Luxor workers: ‘After seeing one of our comrades lost his eye, we cried like babies’

Workers at Luxor Paints in Jet Park, Boksburg say they will not back down, despite the alleged violent attacks on them during protracted strike action at the plant.

In a statement released on Monday, worker representatives claimed one worker lost an eye and 19 others were hospitalised after being shot with rubber bullets by private security while on a peaceful protected strike.

The protected strike, which began on February 26, was called by the General Industrial Workers Union of South Africa (Giwusa) and supported by the Simunye Workers Forum. It concerned longstanding demands for medical aid, long service allowance and housing allowance and was attended by 200 workers.

Despite the strike being peaceful, Luxor Paints allegedly called in a private security company named the National Strike Intervention Union, said the statement.

“They wore camouflage uniforms, carried pump guns and had armoured vehicles, including a hippos and two guards carried knives,” said the statement. “At 9am, while the workers were standing and singing in front of Luxor Paints’ main entrance, without warning, they opened fire on a group of striking workers.”

On March 5, as the strike continued, private security shot at workers again — resulting in one worker losing an eye, the statement reads.

“After seeing one of our comrades lost his eye, we cried like babies while the company was just looking at us,” said Giwusa member Ndimphiwe Nozibele.

A representative speaking on behalf of Luxor Paints told the Mail & Guardian the strike has not been peaceful by their estimation.

“On the day in question, as with the days prior thereto, striking workers carried stones, sticks and other weapons and attacked several vehicles of Luxor Paints and its labour broker,” said Luxor Paint’s representative.

Luxor Paints said they had to engage additional security “to ensure the safety of its employees and hired labour”.

Luxor Paints said while the company acknowledges the rights of striking workers to demonstrate peacefully, it is not possible for it to continue to engage the union at present while it is held to ransom by “lawless employees”.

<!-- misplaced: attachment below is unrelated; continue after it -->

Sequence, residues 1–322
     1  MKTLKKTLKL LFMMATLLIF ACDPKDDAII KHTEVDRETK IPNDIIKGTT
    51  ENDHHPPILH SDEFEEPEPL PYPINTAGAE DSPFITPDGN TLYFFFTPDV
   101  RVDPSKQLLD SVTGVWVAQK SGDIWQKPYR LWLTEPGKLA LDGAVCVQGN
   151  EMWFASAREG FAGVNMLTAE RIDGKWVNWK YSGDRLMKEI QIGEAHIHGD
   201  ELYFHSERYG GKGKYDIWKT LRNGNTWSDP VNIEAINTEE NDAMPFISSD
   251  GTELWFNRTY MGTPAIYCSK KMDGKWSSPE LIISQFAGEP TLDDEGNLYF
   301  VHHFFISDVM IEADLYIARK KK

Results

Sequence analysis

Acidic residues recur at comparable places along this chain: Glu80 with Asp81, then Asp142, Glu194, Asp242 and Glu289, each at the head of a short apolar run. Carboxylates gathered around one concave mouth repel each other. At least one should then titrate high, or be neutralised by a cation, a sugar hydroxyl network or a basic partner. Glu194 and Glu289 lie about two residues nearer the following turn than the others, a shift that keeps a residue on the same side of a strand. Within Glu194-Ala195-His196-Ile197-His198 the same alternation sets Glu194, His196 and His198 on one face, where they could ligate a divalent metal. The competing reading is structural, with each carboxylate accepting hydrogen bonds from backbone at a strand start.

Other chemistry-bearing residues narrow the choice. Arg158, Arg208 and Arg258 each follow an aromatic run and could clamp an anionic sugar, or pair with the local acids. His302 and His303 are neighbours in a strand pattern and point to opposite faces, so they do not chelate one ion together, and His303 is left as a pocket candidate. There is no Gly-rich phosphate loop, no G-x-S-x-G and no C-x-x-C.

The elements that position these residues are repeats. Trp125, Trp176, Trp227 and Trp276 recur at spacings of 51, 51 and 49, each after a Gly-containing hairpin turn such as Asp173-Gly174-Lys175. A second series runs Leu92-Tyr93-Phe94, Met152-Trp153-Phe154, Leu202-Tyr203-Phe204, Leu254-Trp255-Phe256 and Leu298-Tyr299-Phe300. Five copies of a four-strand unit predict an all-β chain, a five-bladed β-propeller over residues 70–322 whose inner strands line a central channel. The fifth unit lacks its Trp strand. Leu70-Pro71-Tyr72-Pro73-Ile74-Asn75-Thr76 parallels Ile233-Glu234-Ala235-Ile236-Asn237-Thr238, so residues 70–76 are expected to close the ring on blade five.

We make it make sense

If this story helped you navigate your world, subscribe to the M&G today for just R30 for the first three months

Subscribers get access to all our best journalism, subscriber-only newsletters, events and a weekly cryptic crossword.”

Sarah Smit
Sarah Smit
Sarah Smit is a general news reporter at the Mail & Guardian. She covers topics relating to labour, corruption and the law.

Related stories

WELCOME TO YOUR M&G

Already a subscriber? Sign in here

Advertising

Latest stories

Covid-19 PPE looter Roshan Morar dies

Former Ithala boss was connected across ANC factions and administrations

Court invalidates Mkhwebane’s report on Ivan Pillay

It is the third report pertaining to Pillay that has been set aside by the high court

Rape is endemic in South Africa. Why the ANC government...

South Africa has one of the highest rape statistics in the world, even higher than some countries at war

Human rights without handicaps: young, black, gay wheelchair user goes...

South African activist Eddie Ndopu is in line to be the next UN High Commissioner for Human Rights
Advertising

press releases

Loading latest Press Releases…
×